Patti Smith performs “My Blakean Year”:
More information about the song on Patti Smith’s website.
Patti Smith performs “My Blakean Year”:
More information about the song on Patti Smith’s website.
The schedule has now been set and registration is open for William Blake’s Manuscripts: A One-Day Symposium. This symposium will be held at the Huntington Library on June 7th, 2013, and the list of Blake luminaries speaking include (in alphabetical order) Luisa Calé, Mark Crosby, Morris Eaves, Alexander Gourlay, Steve Hindle, Rachel Lee, Joseph Viscomi, Angus Whitehead, and John Windle. Attendance costs $31.50 and includes lunch, introductory remarks, two plenary sessions, two panels, and closing remarks by Mark Crosby (lunch is optional: conference registration alone is $15.00 and free for students). I would encourage anyone interested in Blake and able to travel to San Marino, California in June to take advantage of this opportunity.
John H. Jones. Blake on Language, Power, and Self-Annihilation. $90.00. Palgrave MacMillan, 2010. pp. xii+250.
John H. Jones’s Blake on Language, Power, and Self-Annihilation argues that dialogic self-annihilation in Blake’s oeuvre is a means of resistance to all forms of “philosophical and political monologism” that dictatorially impose a single vision upon readers and listeners. Where monologism establishes the author as an authority and the reader as a passive recipient, Blake’s dialogism invites both readers and listeners to the process of creating textual meaning through authorial acts of self-annihilation, acts that are opposed to the assertion of Blakean “selfhood.” Jones asserts that Blake’s “inspired discourse” anticipates Bahktin’s concept of dialogue, drawing upon Bahktin in each chapter to comment upon Blake’s use of discourse. Bakhtin’s The Dialogic Imagination and Makdisi’s William Blake and the Impossible History of the 1790s provide Jones with his theoretical orientation as he explores his thesis in chapters devoted to The Songs of Innocence and of Experience, The Marriage of Heaven and Hell, The [First] Book of Urizen, Milton, and Jerusalem. This monograph’s strength lies in its detailed examination of a subject that has attained a high profile in Blake studies in the years preceding its publication. Jones’s examination spans key works across Blake’s entire career and is supported by careful readings of select texts. Its weaknesses are that its appropriation of Bakhtin is sparse enough to be able to be cut entirely with no loss, and it at times presents a Blake so committed to non-authoritarian dialogism that he cannot say anything at all. Its greatest fault, ironically given the book’s thesis, is that its thesis is applied without development or modification in chapter after chapter. This monograph on Blake’s dialogism, therefore, does not sufficiently recognize the strength of assertions offered by a dialog, Blake’s greater proximity to some points of view than others, and seems unable to assimilate Blake’s insistence on definite form.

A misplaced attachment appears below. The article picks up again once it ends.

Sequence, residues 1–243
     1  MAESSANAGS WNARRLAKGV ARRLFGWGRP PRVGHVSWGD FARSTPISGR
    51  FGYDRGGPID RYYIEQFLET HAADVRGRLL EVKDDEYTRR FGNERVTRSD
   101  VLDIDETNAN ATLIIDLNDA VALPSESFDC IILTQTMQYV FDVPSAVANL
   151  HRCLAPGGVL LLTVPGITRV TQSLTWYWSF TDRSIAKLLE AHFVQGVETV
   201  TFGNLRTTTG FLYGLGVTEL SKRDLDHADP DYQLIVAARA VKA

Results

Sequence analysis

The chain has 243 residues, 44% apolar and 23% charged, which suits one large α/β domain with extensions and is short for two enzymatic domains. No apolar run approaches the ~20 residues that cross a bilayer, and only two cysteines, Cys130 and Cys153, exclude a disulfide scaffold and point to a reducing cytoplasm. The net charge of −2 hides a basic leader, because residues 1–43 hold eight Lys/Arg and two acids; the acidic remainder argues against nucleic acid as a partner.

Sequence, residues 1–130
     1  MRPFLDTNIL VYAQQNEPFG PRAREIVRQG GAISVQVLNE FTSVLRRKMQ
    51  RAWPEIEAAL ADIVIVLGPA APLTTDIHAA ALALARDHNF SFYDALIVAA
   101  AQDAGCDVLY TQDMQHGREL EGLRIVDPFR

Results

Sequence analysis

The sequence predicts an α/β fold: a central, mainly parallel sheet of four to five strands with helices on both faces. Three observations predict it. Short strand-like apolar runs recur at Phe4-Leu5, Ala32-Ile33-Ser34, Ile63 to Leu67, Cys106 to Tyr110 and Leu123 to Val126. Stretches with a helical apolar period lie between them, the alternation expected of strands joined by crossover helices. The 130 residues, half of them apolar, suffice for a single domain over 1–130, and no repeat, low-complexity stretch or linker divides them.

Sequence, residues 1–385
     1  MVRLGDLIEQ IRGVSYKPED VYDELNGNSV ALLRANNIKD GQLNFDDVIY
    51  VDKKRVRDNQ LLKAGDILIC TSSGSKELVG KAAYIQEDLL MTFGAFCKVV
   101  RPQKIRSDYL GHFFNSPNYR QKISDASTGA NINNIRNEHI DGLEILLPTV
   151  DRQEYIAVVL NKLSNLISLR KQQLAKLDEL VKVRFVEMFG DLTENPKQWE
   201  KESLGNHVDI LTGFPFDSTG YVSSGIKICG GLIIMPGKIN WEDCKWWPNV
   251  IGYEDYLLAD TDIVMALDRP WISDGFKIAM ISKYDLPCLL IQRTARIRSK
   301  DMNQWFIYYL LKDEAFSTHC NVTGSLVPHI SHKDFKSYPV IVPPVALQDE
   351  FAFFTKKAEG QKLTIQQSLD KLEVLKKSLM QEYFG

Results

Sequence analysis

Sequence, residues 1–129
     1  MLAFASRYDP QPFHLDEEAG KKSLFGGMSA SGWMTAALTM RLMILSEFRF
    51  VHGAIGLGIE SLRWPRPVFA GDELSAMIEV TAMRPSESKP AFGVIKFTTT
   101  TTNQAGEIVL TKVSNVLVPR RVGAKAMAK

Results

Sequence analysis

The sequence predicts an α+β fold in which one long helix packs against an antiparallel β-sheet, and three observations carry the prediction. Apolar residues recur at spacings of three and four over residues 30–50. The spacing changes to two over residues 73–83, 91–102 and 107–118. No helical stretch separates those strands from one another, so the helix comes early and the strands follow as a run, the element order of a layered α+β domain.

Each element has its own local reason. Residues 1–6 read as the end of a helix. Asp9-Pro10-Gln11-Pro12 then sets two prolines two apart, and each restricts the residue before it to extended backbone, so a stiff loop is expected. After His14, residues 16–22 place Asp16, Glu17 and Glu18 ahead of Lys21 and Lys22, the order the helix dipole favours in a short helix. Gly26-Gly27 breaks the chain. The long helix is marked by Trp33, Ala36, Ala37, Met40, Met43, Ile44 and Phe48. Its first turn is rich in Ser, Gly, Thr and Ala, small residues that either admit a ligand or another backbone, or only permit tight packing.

Sarah Haggarty. 2010. Blake’s Gifts: Poetry and the Politics of Exchange. New York: Cambridge UP. $99.00. x+256 pp.